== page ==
Jammu- Stating that Jammu and Kashmir is a challenge as far as providing round-the-clock electricity to consumers is concerned, Union minister R K Singh on Sunday said the Centre would spend “liberally” to tap the immense potential of the Union Territory in the sector to make it a power-surplus region.
However, he said a conducive atmosphere to facilitate large-scale investments and improving the work culture are imperative to bring Jammu and Kashmir at par with other parts of the country, after it lagged behind due to “corruption” during the previous regimes.
“It is painful that Jammu and Kashmir, despite having the best available resources in the country to generate power, is lagging behind in providing round-the-clock electricity to consumers…the previous governments are directly responsible for the present state of affairs,” Singh said.
The Union minister of state for power was speaking after the signing of a Memorandum of Understanding (MoU) between the Jammu and Kashmir government and the National Hydroelectric Power Corporation (NHPC) for the implementation of the 850-MW Ratle HEP and 930-MW Kirthai-II HEP and the execution of the Sawalkot HEP (1,856 MW), Uri-I (Stage-II-240 MW) and Dulhasti (Stage-II-258 MW) power projects, worth Rs 34,000 crore, here.
Singh also said there is no other place in the country where barbed wire is being used to provide electricity to consumers.
“The lack of development over the past seven decades is because of the previous governments. They should be held accountable as to where the money pumped by the Centre had gone. Compared to other places in the country, Jammu and Kashmir was getting more funds, but the centrally-sponsored schemes saw very slow progress,” he said.
Without naming anyone, he alleged that leaders of political parties have deceived people to fill up their coffers, build mansions in London, Rome and Paris but left Jammu and Kashmir backward.
Singh said electricity is key for the development of any region. “Without power, you cannot move ahead. Power is the fundamental requirement to improve quality of life and industrialisation…if you do not have power, you cannot achieve development and if there is no development, you would not be able to generate employment,” he said.
Singh said when he took over as the power minister and came to Jammu and Kashmir in October 2017, he was surprised to see that the work on centrally-sponsored schemes like the Deen Dayal Upadhyaya Gram Jyoti Yojana had not started even after a lapse of three years.
“Various such schemes are yet to be completed. We need to improve the work culture and speed up the work on these schemes, which are meant for the benefit of people,” he said.
The minister said Jammu and Kashmir has the resources and potential to achieve surplus power generation.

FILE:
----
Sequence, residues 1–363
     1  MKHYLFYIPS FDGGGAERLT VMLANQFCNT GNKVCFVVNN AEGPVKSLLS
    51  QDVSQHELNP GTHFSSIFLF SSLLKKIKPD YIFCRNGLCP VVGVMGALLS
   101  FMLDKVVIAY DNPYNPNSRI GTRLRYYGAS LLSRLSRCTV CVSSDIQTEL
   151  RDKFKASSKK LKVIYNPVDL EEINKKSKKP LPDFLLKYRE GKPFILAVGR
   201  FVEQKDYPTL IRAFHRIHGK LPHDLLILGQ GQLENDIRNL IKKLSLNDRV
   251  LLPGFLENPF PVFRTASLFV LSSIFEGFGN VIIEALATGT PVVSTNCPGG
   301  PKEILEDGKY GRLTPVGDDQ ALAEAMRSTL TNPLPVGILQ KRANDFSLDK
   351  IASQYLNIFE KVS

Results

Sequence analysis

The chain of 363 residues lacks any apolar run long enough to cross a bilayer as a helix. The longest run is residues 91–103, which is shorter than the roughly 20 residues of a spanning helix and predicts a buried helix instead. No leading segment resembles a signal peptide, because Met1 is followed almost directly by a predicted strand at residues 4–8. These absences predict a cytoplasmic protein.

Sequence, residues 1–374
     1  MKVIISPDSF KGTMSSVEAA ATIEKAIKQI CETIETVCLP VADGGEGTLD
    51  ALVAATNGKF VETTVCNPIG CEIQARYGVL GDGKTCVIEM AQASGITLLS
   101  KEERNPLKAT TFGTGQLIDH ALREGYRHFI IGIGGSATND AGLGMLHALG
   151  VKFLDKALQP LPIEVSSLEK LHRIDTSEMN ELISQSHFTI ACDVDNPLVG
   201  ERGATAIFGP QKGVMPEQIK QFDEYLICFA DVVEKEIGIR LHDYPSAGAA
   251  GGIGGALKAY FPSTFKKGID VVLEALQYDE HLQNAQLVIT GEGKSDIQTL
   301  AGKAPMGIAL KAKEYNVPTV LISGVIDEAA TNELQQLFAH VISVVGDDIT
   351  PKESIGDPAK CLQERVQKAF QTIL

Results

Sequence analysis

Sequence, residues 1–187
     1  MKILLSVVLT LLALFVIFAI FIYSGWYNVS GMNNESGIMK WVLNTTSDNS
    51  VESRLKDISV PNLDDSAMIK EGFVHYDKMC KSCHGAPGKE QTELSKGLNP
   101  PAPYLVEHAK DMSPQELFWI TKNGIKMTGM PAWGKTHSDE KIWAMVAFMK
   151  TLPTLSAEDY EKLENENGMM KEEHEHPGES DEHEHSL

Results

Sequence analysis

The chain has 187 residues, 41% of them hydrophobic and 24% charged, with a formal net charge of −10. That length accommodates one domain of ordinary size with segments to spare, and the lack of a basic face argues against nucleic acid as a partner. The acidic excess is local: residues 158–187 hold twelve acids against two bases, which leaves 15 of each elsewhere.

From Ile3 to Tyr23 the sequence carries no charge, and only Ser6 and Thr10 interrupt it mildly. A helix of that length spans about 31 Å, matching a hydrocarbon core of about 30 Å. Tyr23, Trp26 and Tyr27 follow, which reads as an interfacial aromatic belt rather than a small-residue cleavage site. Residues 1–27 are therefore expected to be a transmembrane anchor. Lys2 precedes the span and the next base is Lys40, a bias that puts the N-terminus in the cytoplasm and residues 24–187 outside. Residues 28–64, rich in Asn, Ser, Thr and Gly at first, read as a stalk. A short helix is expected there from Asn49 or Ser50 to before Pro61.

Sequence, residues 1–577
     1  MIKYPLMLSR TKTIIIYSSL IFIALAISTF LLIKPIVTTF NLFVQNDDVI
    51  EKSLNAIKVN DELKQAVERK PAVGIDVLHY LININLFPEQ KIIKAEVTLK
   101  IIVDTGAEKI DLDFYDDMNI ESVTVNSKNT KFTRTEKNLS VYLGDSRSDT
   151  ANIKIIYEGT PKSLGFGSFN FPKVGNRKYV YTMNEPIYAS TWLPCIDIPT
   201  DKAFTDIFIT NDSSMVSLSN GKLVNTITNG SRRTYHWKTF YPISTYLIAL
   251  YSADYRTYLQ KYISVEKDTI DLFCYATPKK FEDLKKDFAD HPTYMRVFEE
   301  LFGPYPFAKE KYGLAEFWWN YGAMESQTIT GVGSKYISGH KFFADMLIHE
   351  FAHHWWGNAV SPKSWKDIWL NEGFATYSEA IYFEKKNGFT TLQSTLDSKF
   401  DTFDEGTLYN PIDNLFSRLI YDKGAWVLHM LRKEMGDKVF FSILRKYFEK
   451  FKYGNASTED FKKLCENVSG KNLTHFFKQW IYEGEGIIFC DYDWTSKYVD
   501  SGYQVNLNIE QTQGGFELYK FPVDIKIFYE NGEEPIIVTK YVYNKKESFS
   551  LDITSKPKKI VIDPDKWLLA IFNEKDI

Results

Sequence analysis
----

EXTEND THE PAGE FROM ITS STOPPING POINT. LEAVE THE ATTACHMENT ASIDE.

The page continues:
“There is a need to create an atmosphere where people from outside will come for investments here. The Centre will spend liberally to make Jammu and Kashmir a power-surplus region,” Singh said.
He said the Union Territory is a challenge as far as providing round-the-clock power to consumers is concerned.
“We will improve the power supply to the consumers and are working in this direction. The Union Territory status to Jammu and Kashmir has sped up development in the region and we are hopeful of achieving our target,” Singh said.
However, he said people will have to pay for electricity in accordance with their consumption. “There will be no free power and you will be able to switch it on only when you pay for it,” he said.
The minister lauded Lieutenant Governor Manoj Sinha for his efforts to fast-track development projects to bring Jammu and Kashmir at par with other parts of the country and said it is the responsibility of everyone to strengthen his efforts.
“Why people from outside are not willing to come here is a question that needs an answer. We need to think over it. You have to allow them to work here and work together for the creation of such an atmosphere so that they can come and invest,” he said.
Singh said the Centre will not allow funds to become an impediment in the completion of projects.
“As demanded by the LG, we have no problem in providing services to our officers and companies. Companies like the NHPC will outsource contracts to outsiders and you have to allow them to work here in a conducive atmosphere,” he said.
Advising the Jammu and Kashmir Power Development Department (PDD) to improve the work culture, the minister said it is imperative to take electricity to every household.
“In the past, decisions were taken by previous governments that smelled of corruption. Many projects were given to private parties and they need to be asked for it,” he said.
Referring to the MoU signed in his presence, Singh said Jammu and Kashmir will become an energy-surplus region after the completion of the projects.
“When you start selling 3,000 to 4,000 MW of power to other states, your income will increase by Rs 8,000 crore, which will pave the way for the construction of roads, hospitals and schools,” he said.
Singh said the NHPC will employ local youngsters in the projects and also provide training to them.
“It is imperative that there should be a robust billing system and metre system in place,” he added.
When the Narendra Modi-led government took over in 2014, the rural areas in the country used to get electricity for 18 hours and a half, which has now improved to 20 hours per day, while the urban areas are getting it for 22-23 hours and 80 per cent of the towns are getting round-the-clock power supply.
“This type of development is possible here as well, but you have to change. We will ensure 24-hour power supply to consumers in Jammu and Kashmir and till this is achieved, I will feel that my work is incomplete. This is our responsibility and we will do it,” he said.
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